Northwest Side Apartment Fire Fatality Provides Glaring Evidence of Deficiency in Chicago’s Multifamily Building Codes

On Sunday, November 9, a fire killed a 10-year-old boy and injured 11 other individuals as it ripped through a four-story apartment building at 5727 North Kimball Avenue in the northwest side neighborhood of Hollywood Park in Chicago. Although smoke alarms alerted residents, no fire sprinklers were present in the building to allow safe routes of escape, forcing some residents to jump from their units.

Depending on occupant load, buildings up to 79 feet tall can be erected in Chicago without fire sprinkler protection. New high-rises 80 feet and higher must be protected with fire sprinklers.

“It’s time to bring Chicago’s fire and building codes into the 21st Century,” states Tom Lia, fire safety advocate and executive director of the nonprofit Northern Illinois Fire Sprinkler Advisory Board (NIFSAB). “Under the city’s current code, if the same building where the fire occurred were built today, it would not be required to be protected with fire sprinklers. That’s unthinkable”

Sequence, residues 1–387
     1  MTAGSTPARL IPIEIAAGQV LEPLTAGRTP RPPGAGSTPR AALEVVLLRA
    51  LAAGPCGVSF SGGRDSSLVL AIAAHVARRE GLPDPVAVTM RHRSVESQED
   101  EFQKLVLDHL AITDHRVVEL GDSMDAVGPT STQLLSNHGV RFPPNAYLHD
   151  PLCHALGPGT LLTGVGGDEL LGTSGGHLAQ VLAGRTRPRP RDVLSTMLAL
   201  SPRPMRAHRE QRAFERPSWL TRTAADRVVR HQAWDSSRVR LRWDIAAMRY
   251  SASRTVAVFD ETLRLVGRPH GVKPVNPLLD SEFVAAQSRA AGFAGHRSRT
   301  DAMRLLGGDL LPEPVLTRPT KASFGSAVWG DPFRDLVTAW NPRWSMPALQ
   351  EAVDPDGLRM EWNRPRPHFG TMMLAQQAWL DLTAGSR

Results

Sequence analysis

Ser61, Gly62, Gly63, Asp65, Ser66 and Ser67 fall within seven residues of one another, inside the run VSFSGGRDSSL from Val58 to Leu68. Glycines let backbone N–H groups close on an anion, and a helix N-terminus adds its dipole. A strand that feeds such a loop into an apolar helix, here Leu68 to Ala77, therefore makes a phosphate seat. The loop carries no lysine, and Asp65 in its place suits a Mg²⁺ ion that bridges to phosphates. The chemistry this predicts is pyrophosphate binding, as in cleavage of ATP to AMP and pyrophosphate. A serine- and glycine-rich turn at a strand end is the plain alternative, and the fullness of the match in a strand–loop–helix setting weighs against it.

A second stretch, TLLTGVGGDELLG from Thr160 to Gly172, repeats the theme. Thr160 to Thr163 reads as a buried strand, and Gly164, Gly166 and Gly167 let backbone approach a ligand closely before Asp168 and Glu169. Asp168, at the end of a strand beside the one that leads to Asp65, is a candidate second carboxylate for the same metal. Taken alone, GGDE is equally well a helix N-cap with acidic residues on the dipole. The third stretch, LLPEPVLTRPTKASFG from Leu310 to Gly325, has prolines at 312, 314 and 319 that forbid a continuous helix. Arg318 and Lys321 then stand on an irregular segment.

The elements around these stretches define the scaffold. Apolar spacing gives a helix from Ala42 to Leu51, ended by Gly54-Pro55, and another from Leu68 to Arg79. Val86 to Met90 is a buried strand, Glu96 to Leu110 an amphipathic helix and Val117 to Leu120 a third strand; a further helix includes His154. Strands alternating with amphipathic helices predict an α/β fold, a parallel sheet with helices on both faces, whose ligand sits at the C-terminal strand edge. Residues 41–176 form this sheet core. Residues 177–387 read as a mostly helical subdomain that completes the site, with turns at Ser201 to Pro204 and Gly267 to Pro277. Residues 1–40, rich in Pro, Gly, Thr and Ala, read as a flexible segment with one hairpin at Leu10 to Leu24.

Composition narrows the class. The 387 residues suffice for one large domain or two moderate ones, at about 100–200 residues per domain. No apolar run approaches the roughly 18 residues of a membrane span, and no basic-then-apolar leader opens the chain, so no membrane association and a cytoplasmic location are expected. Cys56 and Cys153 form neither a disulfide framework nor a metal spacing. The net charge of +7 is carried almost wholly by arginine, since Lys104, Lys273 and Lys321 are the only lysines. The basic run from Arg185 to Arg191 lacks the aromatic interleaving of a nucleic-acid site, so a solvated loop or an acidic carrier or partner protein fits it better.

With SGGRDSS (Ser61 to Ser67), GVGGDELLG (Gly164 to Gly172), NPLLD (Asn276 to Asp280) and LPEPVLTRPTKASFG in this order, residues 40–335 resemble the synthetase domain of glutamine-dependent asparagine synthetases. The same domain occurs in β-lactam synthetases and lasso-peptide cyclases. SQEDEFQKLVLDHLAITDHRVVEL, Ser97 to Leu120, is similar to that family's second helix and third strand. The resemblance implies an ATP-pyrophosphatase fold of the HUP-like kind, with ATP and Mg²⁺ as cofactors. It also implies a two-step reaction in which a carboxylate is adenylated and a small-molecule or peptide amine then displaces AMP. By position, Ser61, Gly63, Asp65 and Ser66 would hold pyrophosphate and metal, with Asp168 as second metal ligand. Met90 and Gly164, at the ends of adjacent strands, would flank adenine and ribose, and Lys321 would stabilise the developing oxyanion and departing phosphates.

“Had fire sprinklers been present in this fire, they likely would have prevented the injuries and death, providing safe routes of escape so no residents would have had to jump from their units.”

Over 105 neighboring communities to Chicago have adopted national model codes that protect multifamily buildings, yet Chicago has no such requirements.

“It is clear that Chicago’s suburban communities have embraced a higher level of fire safety in multifamily buildings that is recommended by national codes,” notes Lia. “We hope that Mayor Rahm Emanuel and the city council will take a closer look at adopting the current model codes that include fire sprinkler protection in multifamily occupancies to protect the future of Chicago.”

“Our prayers go out to the young victim, his family, and all others who were injured in the fire,” he adds.


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